Court Procedure: Security for Costs

My ex is causing significant delays due to unnecessary motions; what can I do?

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In some higher conflict cases, it sometimes happens that one party will bring numerous frivolous motions in an attempt to delay and frustrate the litigation process. When this happens, the other party is often placed at a disadvantage, as they are forced to incur legal fees and other costs associated with preparing for and attending unnecessary court appearances.

When situations like these happen, you can bring a Motion for what is known as Security for Costs. If successful, the other party will be ordered to pay an amount of money to the court as security for the legal fees that you are expecting to incur throughout the course of the litigation. Until that security is paid, the party is not permitted to participate in any further step in the file.

Does this mean I get money right away?

The payment for security for costs is paid into court.  This means that you do not get it right away.  You will receive the money only if a costs award is made against the other party, and you will only receive the amount that is ordered.  You can learn about costs orders in our previous post.

When will a judge order security for costs?

Rule 24 outlines the factors that must be present before a judge will make an award for security for costs against another party. A judge may make an order for security for costs that is just, based on one or more of the following factors:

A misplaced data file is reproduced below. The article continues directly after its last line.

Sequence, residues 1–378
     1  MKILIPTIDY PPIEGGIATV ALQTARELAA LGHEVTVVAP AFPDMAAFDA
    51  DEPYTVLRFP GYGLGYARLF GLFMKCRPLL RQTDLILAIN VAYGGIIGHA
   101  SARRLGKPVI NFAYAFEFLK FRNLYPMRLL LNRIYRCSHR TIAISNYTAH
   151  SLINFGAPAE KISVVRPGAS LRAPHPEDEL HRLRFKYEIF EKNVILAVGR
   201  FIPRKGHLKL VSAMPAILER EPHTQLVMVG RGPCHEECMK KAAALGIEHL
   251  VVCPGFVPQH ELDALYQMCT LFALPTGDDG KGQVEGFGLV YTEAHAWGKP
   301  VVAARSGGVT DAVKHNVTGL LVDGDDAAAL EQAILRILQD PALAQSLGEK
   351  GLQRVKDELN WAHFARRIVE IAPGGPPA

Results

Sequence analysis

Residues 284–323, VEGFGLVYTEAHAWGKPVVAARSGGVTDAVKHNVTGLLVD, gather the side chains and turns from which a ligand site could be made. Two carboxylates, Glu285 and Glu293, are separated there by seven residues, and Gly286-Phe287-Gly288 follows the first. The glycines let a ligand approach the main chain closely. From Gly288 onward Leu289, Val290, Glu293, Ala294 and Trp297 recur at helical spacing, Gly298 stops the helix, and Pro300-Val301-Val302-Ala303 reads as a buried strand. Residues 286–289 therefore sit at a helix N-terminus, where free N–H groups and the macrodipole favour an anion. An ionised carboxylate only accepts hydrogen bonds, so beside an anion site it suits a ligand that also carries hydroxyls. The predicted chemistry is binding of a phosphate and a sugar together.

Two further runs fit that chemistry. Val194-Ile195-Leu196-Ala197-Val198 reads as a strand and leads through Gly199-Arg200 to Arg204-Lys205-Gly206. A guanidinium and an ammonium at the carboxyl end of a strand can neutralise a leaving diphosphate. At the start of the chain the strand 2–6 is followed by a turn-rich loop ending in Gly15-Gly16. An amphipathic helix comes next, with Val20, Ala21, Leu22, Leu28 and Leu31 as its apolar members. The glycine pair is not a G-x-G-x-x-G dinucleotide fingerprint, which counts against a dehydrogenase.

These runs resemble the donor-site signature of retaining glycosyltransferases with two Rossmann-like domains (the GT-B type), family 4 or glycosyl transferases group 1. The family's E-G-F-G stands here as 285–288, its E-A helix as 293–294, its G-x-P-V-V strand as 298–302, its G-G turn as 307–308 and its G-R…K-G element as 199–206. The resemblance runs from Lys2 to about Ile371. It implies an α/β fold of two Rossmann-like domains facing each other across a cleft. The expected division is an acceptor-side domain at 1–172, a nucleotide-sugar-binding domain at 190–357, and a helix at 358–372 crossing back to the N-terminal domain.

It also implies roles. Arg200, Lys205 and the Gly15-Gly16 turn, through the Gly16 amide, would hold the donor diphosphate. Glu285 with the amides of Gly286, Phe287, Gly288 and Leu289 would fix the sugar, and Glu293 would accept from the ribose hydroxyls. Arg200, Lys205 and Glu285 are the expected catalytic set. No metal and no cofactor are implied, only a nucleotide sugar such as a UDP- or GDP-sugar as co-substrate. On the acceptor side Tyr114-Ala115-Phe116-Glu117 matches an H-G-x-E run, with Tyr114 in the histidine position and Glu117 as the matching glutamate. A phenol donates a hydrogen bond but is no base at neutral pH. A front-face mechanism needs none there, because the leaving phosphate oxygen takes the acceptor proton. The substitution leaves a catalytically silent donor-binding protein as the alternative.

1. A party ordinarily resides outside Ontario.
  2. A party has an order against the other party for costs that remains unpaid, in the same case or another case.
  3. A party is a corporation and there is good reason to believe it does not have enough assets in Ontario to pay costs.
  4. There is good reason to believe that the case is a waste of time or a nuisance and that the party does not have enough assets in Ontario to pay costs.
  5. A statute entitles the party to security for costs.

The objective of orders for security for costs is to ensure that a party is held accountable for the time and cost other parties incur during the course of a court proceeding. Otherwise, a litigant could bring unnecessary motions to delay a matter and cause the other party to incur further costs without consequence.

Security for costs is also a way to deter parties from continuing to bring motions when they have unpaid costs orders outstanding against them, as they will be unable to continue with the litigation until they have paid the security to the court.

Finally, security for costs is a way for you to protect the costs you are entitled to in the event that the party to the litigation resides outside of Ontario, or has the majority of their assets outside of Ontario.  A security for costs order gives assurance in advance that, if costs are awarded against them, the other party is able to pay and you are able to recover the costs more easily.